Lifecycles: Pregnancy and Childbirth in the First Year of the Covid Era

Below is the full, unedited text of a story describing the experiences of one new parent during the Covid era. Please contact Covid Stories Archive if you would like to use or reproduce this essay, in whole or in part, for your research or writing. Also, please consider sharing your own stories for preservation in our archive.

My husband and I got married in August 2019 had planned to start trying for a baby in late spring 2020. When the Civil shutdowns occurred there was a lot of fear mongering about hospitals being overrun in the upcoming 20-21 winter flu season (when I would’ve had the baby), but we decided to try anyway because we weren’t going to let this stop our plans. Also, keep in mind that I have a background in journalism and was dubious from the start regarding the media’s panicky, fear-driven coverage. We’re in South Carolina and it just never seemed as bad as the news would lead you to believe.

Anyway, I got pregnant in June (yay!) and aside from dealing with the har-dee-har-har “Made in Quarantine” jokes and explaining that no, our baby was very much planned, we were ready to take on the joys and pains of pregnancy.

Then I started my doctor’s appointments. Appointments that, in the beginning, I had to attend alone. At the ultrasound where we saw our baby for the first time my husband was only allowed to come into the building for the ultrasound itself. He had to stand on the opposite side of the room like a stranger. I was supposed to just be grateful he was allowed inside at all. Later at that same appointment I sat in the exam room and was told that I would only be allowed to have one person with me when I gave birth, and that would not change in the 32 weeks between then and my due date. The thought of not having my mom with me while in labor was too much. I should have left that appointment gushing over my baby’s ultrasound pictures. Instead I sat in my car and sobbed for ten minutes before heading back to work.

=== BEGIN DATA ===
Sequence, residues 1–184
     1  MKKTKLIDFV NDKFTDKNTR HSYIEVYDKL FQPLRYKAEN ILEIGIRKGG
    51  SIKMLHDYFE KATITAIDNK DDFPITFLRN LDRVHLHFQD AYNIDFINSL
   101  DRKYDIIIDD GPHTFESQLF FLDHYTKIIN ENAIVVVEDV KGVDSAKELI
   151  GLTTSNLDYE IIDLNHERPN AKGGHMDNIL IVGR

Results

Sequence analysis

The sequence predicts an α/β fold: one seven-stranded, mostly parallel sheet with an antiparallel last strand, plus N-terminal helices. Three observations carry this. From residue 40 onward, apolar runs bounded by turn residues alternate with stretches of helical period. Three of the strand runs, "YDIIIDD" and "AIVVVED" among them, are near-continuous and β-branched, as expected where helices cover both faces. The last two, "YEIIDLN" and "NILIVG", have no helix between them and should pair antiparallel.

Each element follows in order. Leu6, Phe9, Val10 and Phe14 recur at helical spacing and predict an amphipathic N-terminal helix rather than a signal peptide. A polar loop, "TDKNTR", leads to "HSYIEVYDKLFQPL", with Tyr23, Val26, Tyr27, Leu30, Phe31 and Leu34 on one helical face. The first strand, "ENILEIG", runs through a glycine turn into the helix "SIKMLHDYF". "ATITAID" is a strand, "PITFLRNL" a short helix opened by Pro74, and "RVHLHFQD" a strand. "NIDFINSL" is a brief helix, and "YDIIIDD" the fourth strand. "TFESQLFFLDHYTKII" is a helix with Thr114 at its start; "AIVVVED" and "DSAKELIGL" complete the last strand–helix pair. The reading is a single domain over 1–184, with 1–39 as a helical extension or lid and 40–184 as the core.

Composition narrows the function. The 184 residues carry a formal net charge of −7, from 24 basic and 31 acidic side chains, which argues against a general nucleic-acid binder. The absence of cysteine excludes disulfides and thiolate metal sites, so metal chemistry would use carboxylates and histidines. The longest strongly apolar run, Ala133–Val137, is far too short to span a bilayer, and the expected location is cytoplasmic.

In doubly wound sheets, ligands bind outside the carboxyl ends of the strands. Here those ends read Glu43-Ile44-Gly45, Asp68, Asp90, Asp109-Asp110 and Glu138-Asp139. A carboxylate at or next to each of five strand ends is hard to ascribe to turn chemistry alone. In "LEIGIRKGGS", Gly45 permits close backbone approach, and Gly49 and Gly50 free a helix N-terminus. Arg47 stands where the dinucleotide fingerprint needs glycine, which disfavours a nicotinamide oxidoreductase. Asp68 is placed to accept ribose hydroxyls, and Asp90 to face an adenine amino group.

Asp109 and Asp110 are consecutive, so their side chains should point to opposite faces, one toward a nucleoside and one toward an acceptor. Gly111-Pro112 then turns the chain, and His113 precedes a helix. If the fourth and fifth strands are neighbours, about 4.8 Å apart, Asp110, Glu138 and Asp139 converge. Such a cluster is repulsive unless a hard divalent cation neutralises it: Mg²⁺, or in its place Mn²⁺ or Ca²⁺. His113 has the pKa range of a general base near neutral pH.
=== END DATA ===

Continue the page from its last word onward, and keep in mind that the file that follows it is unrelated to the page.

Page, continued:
And…that’s pretty much how the rest of the pregnancy went. The baby and I were perfectly healthy, but the loneliness was agonizing. So much of what I had looked forward to in pregnancy was ripped away. Baby shower, Christmas Eve at church, holiday gatherings with family (because they didn’t want to expose me or whatever). I practically begged people around me for normality. I needed fun and happy things during that emotional, tumultuous time. I hated wearing masks and took pains to avoid places they were required. During the summer months it was torture to wear them with my morning sickness, and as the baby grew it got harder to breathe and having that horrible, dehumanizing mask blocking my airways made me miserable. As a result there were many places we just didn’t go to since they required masks. I don’t know how many times I said to my husband: “Nothing is fun anymore.”

On March 12 I had my baby in a “textbook delivery” according to the doctor. I did not have to wear a mask. The hospital policy was “we ask that you wear a mask except when you’re pushing” and since they were only “asking” that gave me the power to refuse. You bet I did. My mother was not there, which still brings tears to my eyes as I write this 3 months later. I am so blessed, and God has given me so much to be thankful for. A healthy pregnancy, a perfect baby, and a supportive family. Everything went well for me and the covid response still nearly broke me during those 9 months. I will never forget this time, with the blatant disregard for anything besides covid. I will be like one of those people who grew up in the Depression and stuff money under their mattresses because they don’t trust banks. My trust in all the establishments that I thought were supposed to help people is gone, bludgeoned and shattered. I will never again take public health advice without a dump truck full of salt. I will make my own decisions with my family, because unlike so many politicians and journalists and “experts” (how I loathe that word now) I possess critical thinking abilities and can assess risk appropriately.

And my child will never, ever wear a mask.

(Apologies for any spelling/grammar errors. I am typing this on a phone.)

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